“For a start, you get a lot better trained personnel in some cases, you get much high-powered weaponry and you get much more certainty with the full force of government behind you if anything goes wrong,” the report’s author, James Brown, told Reuters in an interview.
“The real question is what is the jurisdiction to resolve disputes involving military onboard commercial ships, and as this case has shown, it’s a very prickly issue,” Brown said. “The issue of enjoying sovereign immunity in such a case is a largely untested area.”
When fisherman Freddy took his 10-man crew out on his boat, the St. Antony, for a week-long fishing trip on February 7 the catch was poor. Fatally, he decided to stay out one more day, he told Reuters in an interview from his hometown of Kanyakumari in Tamil Nadu state, the southern-most tip of India.
On February 15, Freddy’s luck turned with a good haul of tuna. The crew celebrated with a rice and fish curry lunch and then settled down for a snooze in the stern on the hot afternoon, leaving two sailors, one known as Jelestine and the other, Ajeesh “Pinky” Pink, to navigate, Freddy said in the interview.
The fishermen were woken by Freddy shouting. When some of them began to stand up, he ordered them to hit the deck, shouting “the people in the ship are killing us, lie down”, they later recounted in their statements to Kerala police, which were obtained by Reuters.
One man, Kinserian Leon, said he peeked through his hands, to see Jelestine motionless at the wheel, “blood flowing from his ears and nose”. Pinky shouted “Amme” (mother) and collapsed.
“Freddy took the wheel and steered us away, but bullets continued to shower on us like rain,” Leon said in his statement to Kerala police.
Leon was not available for comment as he was on a fishing trip, Freddy said.
The Italian government account of events, contained in a submission to the Indian Supreme Court, says the ship’s captain, Umberto Vitelli, followed standard international procedures for suspected pirate attacks - “setting into motion the alarm, flashing search lights and horns”.
When the “pirate skiff” continued to close in on the Enrica Lexie, Latorre, the commander of a six-man marine detachment, and marine Girone took “protective action” against the boat, according to the Italian submission. The marines’ Indian lawyer said this meant they had fired warning shots.
The Indian government has said that flashing warning lights at the fishing boat would have been futile as it was broad daylight at the time and they would not easily have been seen.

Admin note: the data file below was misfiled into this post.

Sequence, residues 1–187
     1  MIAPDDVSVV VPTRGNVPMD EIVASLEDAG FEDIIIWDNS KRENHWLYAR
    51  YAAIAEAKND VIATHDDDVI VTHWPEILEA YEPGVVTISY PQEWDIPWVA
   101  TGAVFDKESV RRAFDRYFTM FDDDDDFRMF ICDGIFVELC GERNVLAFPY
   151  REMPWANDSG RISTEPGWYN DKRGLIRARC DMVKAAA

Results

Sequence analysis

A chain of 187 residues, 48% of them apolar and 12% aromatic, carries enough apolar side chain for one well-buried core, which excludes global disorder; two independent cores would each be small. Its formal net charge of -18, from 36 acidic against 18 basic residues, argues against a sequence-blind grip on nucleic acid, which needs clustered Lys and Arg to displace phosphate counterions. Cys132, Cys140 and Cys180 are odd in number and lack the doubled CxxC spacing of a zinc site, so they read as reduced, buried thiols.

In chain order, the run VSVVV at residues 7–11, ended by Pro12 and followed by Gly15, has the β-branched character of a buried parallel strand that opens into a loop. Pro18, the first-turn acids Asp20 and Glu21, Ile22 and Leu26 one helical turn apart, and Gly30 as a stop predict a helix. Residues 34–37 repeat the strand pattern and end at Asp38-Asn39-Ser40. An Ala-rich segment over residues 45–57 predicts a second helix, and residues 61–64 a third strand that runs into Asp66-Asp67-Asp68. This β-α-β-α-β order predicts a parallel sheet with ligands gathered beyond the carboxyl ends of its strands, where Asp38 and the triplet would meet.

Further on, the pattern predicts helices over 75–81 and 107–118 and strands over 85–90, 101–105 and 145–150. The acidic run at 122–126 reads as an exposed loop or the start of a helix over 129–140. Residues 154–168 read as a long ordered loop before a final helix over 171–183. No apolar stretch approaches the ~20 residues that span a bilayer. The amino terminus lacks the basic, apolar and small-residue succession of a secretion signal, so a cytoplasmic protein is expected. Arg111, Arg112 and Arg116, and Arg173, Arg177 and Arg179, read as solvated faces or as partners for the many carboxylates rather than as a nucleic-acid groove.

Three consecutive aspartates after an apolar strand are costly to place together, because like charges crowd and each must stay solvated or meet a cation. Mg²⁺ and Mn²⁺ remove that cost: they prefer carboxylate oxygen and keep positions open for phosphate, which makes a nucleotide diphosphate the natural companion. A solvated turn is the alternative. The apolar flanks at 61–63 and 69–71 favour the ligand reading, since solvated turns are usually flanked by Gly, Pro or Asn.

The International Maritime Organization (IMO), the United Nations body charged with maintaining global maritime safety, has issued measures known as Best Management Practices to help ships “avoid, deter or delay” pirate attacks.
These advise the captain to immediately increase speed, sound a general alarm to alert the crew and sound the ship’s foghorn to demonstrate to any potential attacker that the ship is aware of the attack and is reacting to it.
In his statement to Indian police, which Reuters has obtained, Captain Vitelli said it was only after he heard gunshots that he increased to full speed, sounded the foghorn and the general alarm.
Up until that point, he had been monitoring the fishing boat as it closed from 2.8 nautical miles to within 800 meters of the ship. In recounting the moments before the shooting, he voiced no suspicion the boat could be a pirate vessel.
In his statement, Vitelli expressed surprise at the marines’ decision to open fire. “When they (the marines) were standing at starboard with weapons, I never thought that they would start (to) fire,” he said.
Reuters made repeated efforts to reach Vitelli by telephone but was unable to contact him.
Five other Enrica Lexie crew members gave a broadly similar sequence of events to police although they made no mention of the foghorn being sounded, according to their statements, also obtained by Reuters.
“They didn’t sound any horn. I could not have missed the sound of a horn,” Martin Dharmarajan, one of the Indian fishermen, told Reuters. Freddy said he, too, never heard a foghorn at any time before or after the shots were fired.
Asked to explain the apparent discrepancy between the official Italian account and the statements of the captain and the crew members, lawyers for the marines declined to comment, saying the case was before the court.
One of the marines now awaiting trial reported seeing “persons with firearms on their shoulders” as the fishing boat closed to within 300 yards (meters) of the ship, according to a report submitted by the captain immediately after the shooting to global maritime security agencies: the UK Maritime Trade Operations (UKMTO) and the Maritime Security Centre Horn of Africa (MSCHOA).
Two crew members of the Enrica Lexie were unable to confirm the marine’s sighting of weapons on board the fishing boat.
“I took binoculars ... I couldn’t see any person with weapons in the boat,” said James Mandley Samson, chief officer of the Enrica Lexie, in his statement to Kerala police. Another sailor on board the ship told police he, too, had seen no weapons.
Samson referred Reuters to his police statement when asked for comment.
Latorre fired 12 rounds of ammunition and Girone eight in two bursts of warning shots, according to the Italian Supreme Court petition.
“The question of ‘who is responsible for the decision to pull the trigger’ looms large in light of this incident,” said Andrew Varney, managing director of the U.K.-based security firm Port 2 Port Maritime, which provides private armed guards to ships.
The rules of engagement for Italian military anti-piracy teams are classified information, the Italian Navy said in an email to Reuters. The navy confirmed, however, that military team leaders, and not the captain, have exclusive command in anti-piracy operations.
“Under various maritime legislation ... the master of the ship has to have absolute control of the ship,” said the Lowy Institute’s Brown. But if the Italian marines “are allowed to fire on their own initiative, then arguably the captain is not in full control of the ship”, he added.
“It’s a very murky area.”
Additional reporting by Jonathan Saul in LONDON, James Mackenzie and Naomi O'Leary in ROME and Amalia De Simone in NAPLES; Editing by Ross Colvin and Dean Yates